Verse 6 is a difficult verse. We have to try to understand what 'this' refers to. What is it that Paul is saying that is not a command but only a concession? Different interpretations have been suggested. Some see 'this' as referring to what immediately precedes, the requirement for a married couple to come back together again after a time of abstinence. But he is clearly commanding that they come back together again, and as a defense against Satanic attack. Some have suggested that all of verse 5, where he allows temporary abstinence by mutual agreement for a limited time and for the purpose of prayer is a concession and not a command. In other words, I am not mandating that married couples abstain for prayer, but is conceding to this practice within the stated conditions. This is a possibility, but he has already made it clear that abstaining is not a command by his wording 'except perhaps'. Some take 'this' to refer back to the whole of verses 2-5, that his command that each man should have his own wife and each woman should have her own husband is not a command but a concession. He is not mandating marriage for all; in the next verse he holds up his wish that all would remain single as he himself is. He discusses the value and advantages of singleness in verses 32-35. This is a good possibility. Others take 'this' to refer forward to what he is about to say. His following wish that all were single like himself is a concession not a command. He will go on to say that although he wishes that all could be fully devoted to pleasing the Lord as he himself is, he is aware that not all have the same gifting he has and for them this would not be good. Both of these last two interpretations fit well with what Paul says in this passage, and both are true. Not every person is commanded to be married, and not every person is commanded to live a life of celibacy.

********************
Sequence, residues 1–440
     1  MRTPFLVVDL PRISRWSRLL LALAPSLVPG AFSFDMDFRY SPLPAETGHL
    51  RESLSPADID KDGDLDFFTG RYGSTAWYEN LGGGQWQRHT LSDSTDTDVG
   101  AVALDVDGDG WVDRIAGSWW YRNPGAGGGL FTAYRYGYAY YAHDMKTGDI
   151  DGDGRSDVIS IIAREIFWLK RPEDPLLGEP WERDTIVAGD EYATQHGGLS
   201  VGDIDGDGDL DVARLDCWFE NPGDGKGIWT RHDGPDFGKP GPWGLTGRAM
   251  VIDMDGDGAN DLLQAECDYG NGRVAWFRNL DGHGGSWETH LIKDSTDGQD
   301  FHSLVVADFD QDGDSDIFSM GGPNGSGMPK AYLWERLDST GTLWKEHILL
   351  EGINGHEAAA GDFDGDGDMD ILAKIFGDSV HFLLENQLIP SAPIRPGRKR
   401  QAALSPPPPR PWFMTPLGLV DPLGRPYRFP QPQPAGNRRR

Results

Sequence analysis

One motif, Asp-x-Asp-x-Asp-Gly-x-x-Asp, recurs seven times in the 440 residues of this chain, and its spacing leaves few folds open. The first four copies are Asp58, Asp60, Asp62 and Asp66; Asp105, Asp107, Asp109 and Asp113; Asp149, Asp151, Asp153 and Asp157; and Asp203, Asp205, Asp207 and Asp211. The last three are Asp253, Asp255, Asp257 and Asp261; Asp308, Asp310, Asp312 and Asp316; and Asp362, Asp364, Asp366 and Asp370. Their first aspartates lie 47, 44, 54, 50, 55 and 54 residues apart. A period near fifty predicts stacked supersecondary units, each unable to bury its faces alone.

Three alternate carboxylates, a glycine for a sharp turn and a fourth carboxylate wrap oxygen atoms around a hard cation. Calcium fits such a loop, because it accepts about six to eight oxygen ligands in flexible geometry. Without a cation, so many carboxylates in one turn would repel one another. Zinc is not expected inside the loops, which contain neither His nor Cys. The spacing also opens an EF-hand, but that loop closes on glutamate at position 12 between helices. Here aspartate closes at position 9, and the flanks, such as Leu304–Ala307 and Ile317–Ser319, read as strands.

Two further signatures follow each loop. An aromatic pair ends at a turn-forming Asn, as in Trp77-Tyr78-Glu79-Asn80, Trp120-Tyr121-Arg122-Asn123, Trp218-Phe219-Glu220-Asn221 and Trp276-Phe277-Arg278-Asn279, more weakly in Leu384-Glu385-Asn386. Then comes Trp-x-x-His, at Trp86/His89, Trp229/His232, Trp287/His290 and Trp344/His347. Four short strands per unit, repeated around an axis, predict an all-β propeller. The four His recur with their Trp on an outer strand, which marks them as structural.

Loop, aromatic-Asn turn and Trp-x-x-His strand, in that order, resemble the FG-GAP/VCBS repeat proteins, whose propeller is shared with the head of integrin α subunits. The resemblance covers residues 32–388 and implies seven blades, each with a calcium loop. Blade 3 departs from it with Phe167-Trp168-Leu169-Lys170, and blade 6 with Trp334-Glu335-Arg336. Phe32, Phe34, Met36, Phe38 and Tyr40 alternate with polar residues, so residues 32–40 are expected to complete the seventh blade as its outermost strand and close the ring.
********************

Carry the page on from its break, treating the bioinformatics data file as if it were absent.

Spiritual Gifting in Marriage and Singleness
Paul will talk quite a bit in 1 Corinthians about spiritual gifts. In chapters 12-14 he will talk about things like speaking in tongues, utterances of wisdom and knowledge, gifts of faith and healing, prophecy, distinguishing spirits, and working miracles. In chapter 1, he thanked God that the Corinthians were “not lacking in any spiritual gift” (1:7). Here in chapter 7, dealing with marriage and singleness, he refers to another kind of grace-gift from God. Each has his own gift from God, one of one kind and one of another. The Corinthians were eager to outdo one another with their spirituality. If it was considered more spiritual to live a celibate life, the married people were willing to put away their spouses to win the title of spirituality. Paul says 'stop it!you're playing with fire!' What is more spiritual is to see how God has uniquely gifted you as an individual and use your gifts for the glory of God. Paul here is claiming that the celibate life, which he practices, is a grace-gift from God. And equally so, marriage is a grace-gift from God, each to be used to bring glory to God. Paul was given the gift of contentment in celibacy. Many are given the gift of contentment in marriage. Each has his own gift from God, one of one kind, one of another. Paul will list advantages he sees in singleness, especially considering the circumstances in which they were then living, but he holds both singleness and marriage up as valuable gifts from our good God. If you are gifted by God with singleness, it is better for you to remain single. If you are gifted by God for marriage, it is better that you marry. Going back to the statement of the Corinthians 'it is good for a man not to touch a woman' Paul would say 'yes!, if you are gifted by God for singleness.' But if you are gifted by God for marriage, then each one should enjoy his or her own spouse as a good gift of God.
To the Unmarried and the Widows